Chris Palazzolo reads 22 Years to Life, by Mohammed Massoud Morsi, 2015
Like most Australians my daily routines are spent sweetly oblivious of the hell many of the world’s peoples endure. I step out my front door and I don’t wonder whether a sniper’s bullet is going to take me out; I send my kids to school and I don’t worry that I might be pulling their bodies out of its rubble later in the day. Reading Mohammed Massoud Morsi’s novella, 22 Years to Life, is like an irruption of this daily hell into my ambivalent Australian paradise. In the peaceful early scenes of the novella, Fathi and Farida, a young Gazan couple, travel to Canada for fertility treatment. The glimpses of my kind of life (in Canadian form) – the quiet, well-ordered streets, the safe houses, the civil and legal safeguards of private life – are Morsi’s narrative doorway for me. They are the conduit into a world where houses and walls are no protection to the human animal and where any kind of intimate life is routinely annihilated.
The narrative actually turns on two forms of intimacy. The first form, the one that’s to be annihilated, is the one we in the West take for granted is available to us whether we choose it or not – the intimacy of love, companionship and family. The second form is the annihilating form. It follows in the tradition of stories from the Iliad to The Naked and the Dead – the intimacy of war. In the early scenes of the novella we see the first form grow. The opening scene is the moment Fathi (the narrator) sees Farida for the first time. We follow their courtship and marriage, their attempts to have a child, their struggles with fertility and finally their success when a son is born and they set up home in Al-Mawasi on the coast. Around them, during this time of peace, we see the beginnings of a civil society, crabbed and secretive under relentless Israeli sanctions, curfews and no-go zones, but tentatively building homes, markets and schools.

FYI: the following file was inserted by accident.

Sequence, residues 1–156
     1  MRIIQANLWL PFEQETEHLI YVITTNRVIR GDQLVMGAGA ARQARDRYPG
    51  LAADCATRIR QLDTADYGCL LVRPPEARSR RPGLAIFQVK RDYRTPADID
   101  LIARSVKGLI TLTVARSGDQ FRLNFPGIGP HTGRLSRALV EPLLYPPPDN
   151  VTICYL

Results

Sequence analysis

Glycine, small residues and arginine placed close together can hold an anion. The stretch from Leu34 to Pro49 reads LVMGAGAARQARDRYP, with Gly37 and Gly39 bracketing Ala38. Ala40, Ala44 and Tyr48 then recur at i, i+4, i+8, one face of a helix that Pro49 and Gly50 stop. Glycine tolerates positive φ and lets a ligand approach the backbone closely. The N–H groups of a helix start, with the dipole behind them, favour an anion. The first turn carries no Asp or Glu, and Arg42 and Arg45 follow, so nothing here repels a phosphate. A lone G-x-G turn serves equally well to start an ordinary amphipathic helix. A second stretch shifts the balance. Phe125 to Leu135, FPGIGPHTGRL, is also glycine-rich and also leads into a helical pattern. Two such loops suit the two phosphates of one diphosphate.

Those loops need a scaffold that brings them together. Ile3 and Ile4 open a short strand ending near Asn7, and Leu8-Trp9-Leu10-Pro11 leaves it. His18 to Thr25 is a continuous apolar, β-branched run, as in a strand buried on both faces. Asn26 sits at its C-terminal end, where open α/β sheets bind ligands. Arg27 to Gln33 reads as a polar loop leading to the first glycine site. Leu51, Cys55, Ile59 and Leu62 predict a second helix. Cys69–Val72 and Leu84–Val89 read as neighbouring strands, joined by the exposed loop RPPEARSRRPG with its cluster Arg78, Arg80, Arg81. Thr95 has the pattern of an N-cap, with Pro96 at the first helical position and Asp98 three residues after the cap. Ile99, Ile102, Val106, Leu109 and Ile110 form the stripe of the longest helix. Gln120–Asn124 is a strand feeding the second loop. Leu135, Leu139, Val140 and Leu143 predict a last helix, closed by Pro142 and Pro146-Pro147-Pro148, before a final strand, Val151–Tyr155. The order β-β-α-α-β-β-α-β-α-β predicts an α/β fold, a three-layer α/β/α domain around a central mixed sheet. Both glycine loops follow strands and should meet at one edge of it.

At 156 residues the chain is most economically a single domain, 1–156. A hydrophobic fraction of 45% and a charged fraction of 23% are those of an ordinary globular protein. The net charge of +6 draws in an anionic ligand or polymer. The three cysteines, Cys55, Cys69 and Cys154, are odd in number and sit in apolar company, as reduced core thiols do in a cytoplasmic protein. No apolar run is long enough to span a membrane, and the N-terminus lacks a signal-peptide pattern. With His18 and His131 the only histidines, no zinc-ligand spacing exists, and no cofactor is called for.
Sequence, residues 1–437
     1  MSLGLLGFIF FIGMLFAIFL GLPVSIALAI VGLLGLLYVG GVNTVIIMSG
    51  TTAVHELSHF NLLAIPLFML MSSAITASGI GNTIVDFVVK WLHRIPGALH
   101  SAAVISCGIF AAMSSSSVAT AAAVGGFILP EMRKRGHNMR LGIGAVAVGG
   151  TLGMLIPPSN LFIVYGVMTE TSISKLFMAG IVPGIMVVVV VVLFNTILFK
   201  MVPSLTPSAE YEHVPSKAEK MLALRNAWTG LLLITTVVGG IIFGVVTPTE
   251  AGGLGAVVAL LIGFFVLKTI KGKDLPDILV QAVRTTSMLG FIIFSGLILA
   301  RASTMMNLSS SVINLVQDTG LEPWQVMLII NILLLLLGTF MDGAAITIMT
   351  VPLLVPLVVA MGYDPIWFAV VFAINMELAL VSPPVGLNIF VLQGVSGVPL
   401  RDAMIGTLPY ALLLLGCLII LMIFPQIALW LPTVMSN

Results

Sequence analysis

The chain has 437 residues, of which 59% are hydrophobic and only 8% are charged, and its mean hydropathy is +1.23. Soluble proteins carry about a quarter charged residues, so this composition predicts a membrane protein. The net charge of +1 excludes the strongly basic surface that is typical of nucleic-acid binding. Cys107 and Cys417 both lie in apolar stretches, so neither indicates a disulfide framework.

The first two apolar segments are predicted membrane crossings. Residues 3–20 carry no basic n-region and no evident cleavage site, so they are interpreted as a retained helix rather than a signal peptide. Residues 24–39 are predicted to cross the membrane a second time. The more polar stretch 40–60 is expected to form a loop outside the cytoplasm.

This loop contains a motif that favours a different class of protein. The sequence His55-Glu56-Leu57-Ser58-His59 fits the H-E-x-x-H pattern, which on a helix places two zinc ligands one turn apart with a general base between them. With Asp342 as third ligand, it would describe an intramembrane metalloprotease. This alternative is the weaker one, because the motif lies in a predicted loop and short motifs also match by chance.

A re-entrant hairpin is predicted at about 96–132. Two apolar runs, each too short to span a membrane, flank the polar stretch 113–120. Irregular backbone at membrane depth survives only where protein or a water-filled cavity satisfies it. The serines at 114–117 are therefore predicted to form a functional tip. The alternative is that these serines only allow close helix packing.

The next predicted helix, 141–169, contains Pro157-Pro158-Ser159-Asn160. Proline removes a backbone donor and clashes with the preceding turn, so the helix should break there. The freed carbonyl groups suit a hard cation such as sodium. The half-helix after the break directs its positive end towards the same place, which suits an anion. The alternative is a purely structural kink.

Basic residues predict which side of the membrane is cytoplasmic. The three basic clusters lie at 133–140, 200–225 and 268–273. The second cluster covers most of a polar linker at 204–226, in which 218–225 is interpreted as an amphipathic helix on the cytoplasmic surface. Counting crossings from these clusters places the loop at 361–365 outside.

War is coming. Embedded in this provisional society is Hamas, and its network of tunnels, arms smuggling, and recruitment cells. Its activities provoke the Israel-Gaza Conflict of 2014. War asserts its rights over all tenderness and love. First, it destroys all privacy by blowing everything inside out; it blows out cars and houses and bedrooms. And then it kills the exposed people by the hundreds. It blows them inside out too, limbs and guts and brains all over the street. The first intimacy is eviscerated. All that’s left is the second intimacy – the intimacy of hatred and revenge. The book ends with a kind of micro-perception of the same intimacy that it opened with, though not of love, but of hatred. A new recruit to Hamas sees the fear and youthfulness of the Israeli soldiers he attacks in a suicidal frenzy, and whispers metaphysical comfort to them as they die. Palestinian. Israeli. Their bodies rot as one.
– Chris Palazzolo
Teasing Threads is Chris Palazzolo, novelist and poet, editor at Regime Books in Perth, radio host on 6EBA FM North Perth, and was, until recently, manager of one of the last video shops in the world. His novel, Scene and Circles, is available from https://www.smashwords.com/books/view/449419